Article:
Potential teams: Rockies, Brewers, Cubs, Marlins, Reds, Tigers
7. Omar Vizquel. The 44 year old just keeps hanging on. Is he trying to get to 3,000 hits? He currently has 2,841, but only collected 42 in 2011. So it doesn't really seem to be happening any time soon. Vizquel might just love the game so much he refuses to go until someone won't sign him. And someone will this offseason. He'll be playing again in 2012, bet on it.
Potential teams: White Sox, after that it's a complete guessing game. Any team looking for a veteran backup infielder would have interest, and that could be anyone.
8. Bill Hall. At age 26, Hall hit 35 homers for the Brewers. At age 31, he finished the season in the minors after hitting just .158/.220/.211 for 16 games with the Giants. He might get a shot with the Yankees if neither Blake nor Chavez are there, or someone could use him as a pinch-hitter off the bench. Regardless, don't expect there to be tons of interest. He hasn't been a good player for five years.
Potential teams: Orioles, Nationals, Yankees, retirement
9. Jorge Cantu. The 29 year old was once a run producer, but Cantu had a dreadful 2011 season, hitting .194/.232/.285 in 155 plate appearances for the Padres. He was decent after signing with the Rockies ... in Triple-A.
Potential teams: Rockies, Marlins, Brewers -- but this would be a desperation move to start him. He's basically going to be a backup or retire.
10. Andy LaRoche. Once a top-20 prospect -- for two straight seasons -- LaRoche's career has been a monumental disappointment. The only season he approached being a decent player was 2009 for the Pirates, but last season LaRoche was designated for assignment by the lackluster A's. So that should tell you where his stock stands. It's possible a team strapped for cash attempts to catch lightning in a bottle, as LaRoche is still only 28.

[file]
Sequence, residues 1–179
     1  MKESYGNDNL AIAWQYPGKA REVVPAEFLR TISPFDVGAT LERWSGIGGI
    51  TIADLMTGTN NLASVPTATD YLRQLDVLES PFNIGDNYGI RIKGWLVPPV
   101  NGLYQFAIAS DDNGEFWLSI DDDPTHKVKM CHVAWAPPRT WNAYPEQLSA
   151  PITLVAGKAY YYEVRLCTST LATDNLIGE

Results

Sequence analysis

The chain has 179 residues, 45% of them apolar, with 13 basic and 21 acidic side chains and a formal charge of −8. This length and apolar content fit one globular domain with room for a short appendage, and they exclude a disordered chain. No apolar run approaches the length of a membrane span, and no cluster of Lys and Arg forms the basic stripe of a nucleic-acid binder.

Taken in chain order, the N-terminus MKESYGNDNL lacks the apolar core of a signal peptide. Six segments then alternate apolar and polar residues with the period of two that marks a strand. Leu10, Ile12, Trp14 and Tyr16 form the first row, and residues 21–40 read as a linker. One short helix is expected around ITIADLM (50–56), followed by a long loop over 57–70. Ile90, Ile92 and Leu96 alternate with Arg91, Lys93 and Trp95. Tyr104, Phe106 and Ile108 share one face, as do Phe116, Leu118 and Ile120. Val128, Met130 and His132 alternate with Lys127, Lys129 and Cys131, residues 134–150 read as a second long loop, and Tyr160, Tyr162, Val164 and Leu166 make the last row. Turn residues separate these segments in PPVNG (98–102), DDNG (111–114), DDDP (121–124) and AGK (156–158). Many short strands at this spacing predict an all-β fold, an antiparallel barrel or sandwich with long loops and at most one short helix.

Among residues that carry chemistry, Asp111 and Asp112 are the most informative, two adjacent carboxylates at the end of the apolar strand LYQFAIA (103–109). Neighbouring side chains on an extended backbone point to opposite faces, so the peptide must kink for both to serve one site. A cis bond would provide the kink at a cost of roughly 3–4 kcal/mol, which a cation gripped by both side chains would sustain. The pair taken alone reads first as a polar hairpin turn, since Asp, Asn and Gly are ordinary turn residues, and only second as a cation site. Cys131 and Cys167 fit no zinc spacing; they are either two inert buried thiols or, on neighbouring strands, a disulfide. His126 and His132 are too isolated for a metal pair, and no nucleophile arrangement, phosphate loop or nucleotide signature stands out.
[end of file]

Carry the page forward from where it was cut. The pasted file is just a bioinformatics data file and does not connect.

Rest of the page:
Potential teams: Reds, Marlins, Brewers, Cubs, Orioles, Mariners, Red Sox, Indians, many more.
11. Alex Cora. Cora's on-field value has dwindled all the way to zero, but he's reportedly a great clubhouse guy and baseball mind. Several reporters, fellow players and coaches have noted in the recent past that Cora will make a great manager someday. Cora has said he wants to keep playing in 2012, but it might behoove him to get a start on his next career quite soon.
Potential teams: Nationals, retirement
Other free agents who could play third: Jamey Carroll, Edwin Encarnacion, Jerry Hairston, Ramon Santiago, Willie Bloomquist, Aaron Miles, Ronny Cedeno, Jack Wilson, Mark DeRosa, Nick Punto, Willie Harris, Craig Counsell, Jose Lopez, Orlando Cabrera
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Posted on: October 25, 2011 11:00 am
Edited on: October 25, 2011 4:49 pm
By Evan Brunell
For all news, check out the CBSSports.com free agency tracker.
The first-base crop of free agents is extremely top-heavy, boasting the best player in the game in Albert Pujols. Even without Pujols, the first-base list would still be star-studded, as 27-year-old Prince Fielder is also hitting the market and should command a sizable deal. However, after that, it drops off significantly, and by the end of the top 10 list, we're looking at someone who hit .194.